Since you’re celebrating sans alcohol, it’s easier to hone in on these little gestures and really cherish them. To make your solo day really feel like a treat, take yourself out on a date and plan to do all your favorite things. Get yourself lunch at your favorite spot, peruse the bookstore or your chosen local shop, opt for a pedi or massage, and then cozy up at home with a movie, book, or show.

If You Want to Let Your Freak Flag Fly

Experiment if you’re comfortable. It’s important to note that if you’re still navigating your sexuality and sensuality without alcohol, it might not be the right time to experiment in this way.

If you’re comfortable, however, Valentine’s Day provides the perfect opportunity to do a little research. Is there something you or your partner want to try in bed? Use this day (and every day) to amplify your voice in the bedroom and communicate your wants and needs – especially if they’ve changed since you began your sobriety journey.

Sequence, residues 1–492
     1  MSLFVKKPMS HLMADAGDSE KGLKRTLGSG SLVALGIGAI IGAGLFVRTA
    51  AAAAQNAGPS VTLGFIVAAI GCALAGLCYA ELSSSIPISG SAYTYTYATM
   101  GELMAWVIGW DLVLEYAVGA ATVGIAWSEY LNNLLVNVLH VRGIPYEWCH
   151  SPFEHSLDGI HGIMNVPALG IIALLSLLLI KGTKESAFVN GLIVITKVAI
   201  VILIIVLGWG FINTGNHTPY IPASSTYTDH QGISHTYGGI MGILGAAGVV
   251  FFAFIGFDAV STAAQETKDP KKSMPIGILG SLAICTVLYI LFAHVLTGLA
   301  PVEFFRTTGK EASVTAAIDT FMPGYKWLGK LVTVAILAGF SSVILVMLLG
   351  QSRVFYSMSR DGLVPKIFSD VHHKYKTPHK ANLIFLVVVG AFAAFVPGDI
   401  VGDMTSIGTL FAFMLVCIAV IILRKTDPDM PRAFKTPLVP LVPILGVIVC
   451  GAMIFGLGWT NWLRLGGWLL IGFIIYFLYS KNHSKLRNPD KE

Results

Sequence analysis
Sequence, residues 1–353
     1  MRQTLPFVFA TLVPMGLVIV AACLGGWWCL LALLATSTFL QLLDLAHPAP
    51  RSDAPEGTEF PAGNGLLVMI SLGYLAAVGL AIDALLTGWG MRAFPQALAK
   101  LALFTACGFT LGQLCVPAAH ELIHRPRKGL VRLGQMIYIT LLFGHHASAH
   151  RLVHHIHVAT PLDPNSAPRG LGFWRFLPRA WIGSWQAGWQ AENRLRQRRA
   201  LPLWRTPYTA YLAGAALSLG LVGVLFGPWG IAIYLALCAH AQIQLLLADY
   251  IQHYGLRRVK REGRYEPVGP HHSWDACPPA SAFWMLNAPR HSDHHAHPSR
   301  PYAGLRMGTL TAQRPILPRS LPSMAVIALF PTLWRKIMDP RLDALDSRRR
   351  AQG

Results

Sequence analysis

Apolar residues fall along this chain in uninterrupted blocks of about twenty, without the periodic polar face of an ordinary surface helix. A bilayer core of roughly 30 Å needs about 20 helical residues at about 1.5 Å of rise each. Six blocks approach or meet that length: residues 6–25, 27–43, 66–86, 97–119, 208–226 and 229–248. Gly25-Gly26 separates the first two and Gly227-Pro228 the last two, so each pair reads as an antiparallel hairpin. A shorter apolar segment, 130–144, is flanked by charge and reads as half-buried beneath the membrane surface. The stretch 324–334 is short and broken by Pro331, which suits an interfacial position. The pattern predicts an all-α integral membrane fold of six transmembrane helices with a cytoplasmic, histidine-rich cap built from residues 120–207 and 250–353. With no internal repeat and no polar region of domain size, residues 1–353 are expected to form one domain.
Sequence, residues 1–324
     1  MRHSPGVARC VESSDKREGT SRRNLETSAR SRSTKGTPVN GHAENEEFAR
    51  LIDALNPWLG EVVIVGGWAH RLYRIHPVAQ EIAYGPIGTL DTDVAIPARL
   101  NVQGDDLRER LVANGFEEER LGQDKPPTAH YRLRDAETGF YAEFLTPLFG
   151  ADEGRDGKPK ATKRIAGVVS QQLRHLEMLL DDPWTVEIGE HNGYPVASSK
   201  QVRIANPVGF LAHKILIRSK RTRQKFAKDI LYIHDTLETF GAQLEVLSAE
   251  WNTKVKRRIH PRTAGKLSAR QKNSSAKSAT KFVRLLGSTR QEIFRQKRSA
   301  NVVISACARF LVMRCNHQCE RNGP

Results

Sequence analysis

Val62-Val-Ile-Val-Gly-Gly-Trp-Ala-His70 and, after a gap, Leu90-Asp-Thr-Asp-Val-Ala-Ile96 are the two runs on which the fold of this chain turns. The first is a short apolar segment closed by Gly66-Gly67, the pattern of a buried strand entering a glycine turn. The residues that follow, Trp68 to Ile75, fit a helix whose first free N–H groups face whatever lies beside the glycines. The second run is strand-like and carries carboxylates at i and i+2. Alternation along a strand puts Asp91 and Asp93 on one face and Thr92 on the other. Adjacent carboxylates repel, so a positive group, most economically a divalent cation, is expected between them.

How to Have a Kid-Friendly Sober Valentine’s Day

Opting for a family affair on Valentine’s Day is a great way to make new alcohol-free traditions and involve the whole family in this day about love.

Cook a nice meal together, selecting the recipe as a team, then delegating tasks out to different family members. Depending on the age of the children, they can help you concoct the perfect meal. Or maybe they can just hang out and be cute while you’re in the kitchen. If cooking with kids sounds like more stress than it’s worth—hey, no judgment. If anything, parents need all the options they can get to make life a little easier.

“Once you put the kiddos to bed, you and your beloved can take a bath,” says Tayor Smith, a lawyer and new mom, “Enjoy the quiet while you can. Take turns bathing each other and relaxing together.”

If You Need A Little Nudge to Get Sexy

Let’s be honest. Sometimes we’re just not in the mood. Holidays like Valentine’s Day can create some extra pressure and anxiety around the subject. Add in an alcohol-free Valentine’s Day and things might feel extra awkward. We don’t have to have sex just because of what the calendar says.